The Identity Bureau

A bold theatre production not to be missed

Created by artist-in-residence Valerie Methot with several youth and artists
APRIL 28 – MAY 2 at Roundhouse Performance Centre (181 Roundhouse Mews)

Performance Dates

April 28, 7:30pm | April 29, 7:30pm

May 1 & 2, 11:00am & 1:30pm for school groups

Tickets Free!

Book your seats now! Limited seating. Q&A follows each performance.

THE IDENTITY BUREAU is a bold existential theatrical production that explores the importance of one’s identity. Set in the very near future, the Identity Bureau is a place that assigns identities and traits to all citizens. It’s the last day citizens can make identity updates and pay fines before the big system rehaul. Meant to create calm, the Bureau creates chaos as we witness the absurdity of not simply deciding to be who we truly are. THE IDENTITY BUREAU engages and entertains with relevant content, humour, music, and inspiration. Celebrating its 23rd season, Some Assembly’s theatre collaborations between youth and professional artists promote awareness, wellness, dialogue, and positive social change about issues facing youth.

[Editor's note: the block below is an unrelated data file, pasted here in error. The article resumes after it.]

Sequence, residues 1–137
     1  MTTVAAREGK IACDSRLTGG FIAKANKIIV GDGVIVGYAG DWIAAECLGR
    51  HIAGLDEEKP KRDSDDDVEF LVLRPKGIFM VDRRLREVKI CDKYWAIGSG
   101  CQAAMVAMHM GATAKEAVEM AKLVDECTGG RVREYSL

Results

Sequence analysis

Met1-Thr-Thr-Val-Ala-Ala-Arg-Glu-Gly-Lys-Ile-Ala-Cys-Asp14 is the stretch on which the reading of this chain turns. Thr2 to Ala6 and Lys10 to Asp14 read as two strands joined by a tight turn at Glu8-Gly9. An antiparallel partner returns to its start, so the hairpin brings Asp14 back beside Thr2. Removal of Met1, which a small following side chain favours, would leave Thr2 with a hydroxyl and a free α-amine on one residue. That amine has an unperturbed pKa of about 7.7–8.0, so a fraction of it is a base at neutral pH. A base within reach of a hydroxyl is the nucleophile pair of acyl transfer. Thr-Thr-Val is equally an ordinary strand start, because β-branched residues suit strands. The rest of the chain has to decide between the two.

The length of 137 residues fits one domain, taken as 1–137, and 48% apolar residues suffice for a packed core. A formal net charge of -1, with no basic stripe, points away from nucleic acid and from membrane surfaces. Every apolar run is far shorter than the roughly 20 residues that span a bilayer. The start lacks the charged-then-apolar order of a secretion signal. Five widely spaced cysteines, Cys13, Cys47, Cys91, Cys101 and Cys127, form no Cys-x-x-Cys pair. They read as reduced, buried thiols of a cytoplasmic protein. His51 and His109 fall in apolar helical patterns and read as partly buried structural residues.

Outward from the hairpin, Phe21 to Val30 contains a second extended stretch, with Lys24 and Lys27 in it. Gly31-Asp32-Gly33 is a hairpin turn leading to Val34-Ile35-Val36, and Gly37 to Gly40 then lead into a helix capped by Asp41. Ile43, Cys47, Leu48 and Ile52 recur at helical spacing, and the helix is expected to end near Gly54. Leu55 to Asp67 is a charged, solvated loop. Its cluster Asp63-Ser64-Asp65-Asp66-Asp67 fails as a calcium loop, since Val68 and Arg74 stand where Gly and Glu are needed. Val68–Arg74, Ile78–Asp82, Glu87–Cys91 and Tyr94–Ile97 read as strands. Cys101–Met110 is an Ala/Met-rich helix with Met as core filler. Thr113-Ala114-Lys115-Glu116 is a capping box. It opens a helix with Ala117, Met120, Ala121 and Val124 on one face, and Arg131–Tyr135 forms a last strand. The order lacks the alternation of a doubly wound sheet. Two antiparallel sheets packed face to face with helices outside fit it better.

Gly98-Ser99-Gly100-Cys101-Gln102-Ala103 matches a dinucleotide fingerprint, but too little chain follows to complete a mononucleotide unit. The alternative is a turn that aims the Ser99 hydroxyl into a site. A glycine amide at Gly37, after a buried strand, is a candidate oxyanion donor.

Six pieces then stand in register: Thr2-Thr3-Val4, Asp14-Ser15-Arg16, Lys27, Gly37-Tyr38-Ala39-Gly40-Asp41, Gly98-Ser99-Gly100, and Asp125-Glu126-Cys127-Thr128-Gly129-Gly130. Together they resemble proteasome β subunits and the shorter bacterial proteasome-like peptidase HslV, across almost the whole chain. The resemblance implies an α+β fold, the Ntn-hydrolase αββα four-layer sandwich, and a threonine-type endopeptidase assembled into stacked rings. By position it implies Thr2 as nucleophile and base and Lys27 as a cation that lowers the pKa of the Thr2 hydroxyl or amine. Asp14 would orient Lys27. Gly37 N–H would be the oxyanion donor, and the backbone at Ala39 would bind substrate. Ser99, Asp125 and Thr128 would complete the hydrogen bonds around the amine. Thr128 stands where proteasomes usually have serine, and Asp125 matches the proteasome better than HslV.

A collaboration between Metro Vancouver youth and Some Assembly Theatre Company with artists: Valerie Methot, Susan Bertoia, Allen Morrison, Matt Clarke, Heather McCrae, Sally Zori, Nik McLaren, Tina Biello, Anna Talbot, Sophie Labrie, Brogan Ho, Joe Baker, Lauren Preissl, Heather McCrae, Jeremy Baxter, Duane Murrin, and Patrick Graham.

Community Partners, Sponsors, Funders:

The Roundhouse, Vancouver Coastal Health, Vancouver Board of Parks & Recreation, Ministry of Children & Family Development, City of Vancouver, BC Arts Council, Province of British Columbia, CLICK Foundation, Hamber Foundation, Grosvenor, Canada Council for the Arts, private donors, community partners Methotical Productions, Sarah McLachlan School of Music, Scene Ideas Inc., and Vancouver School Board for their support and collaboration.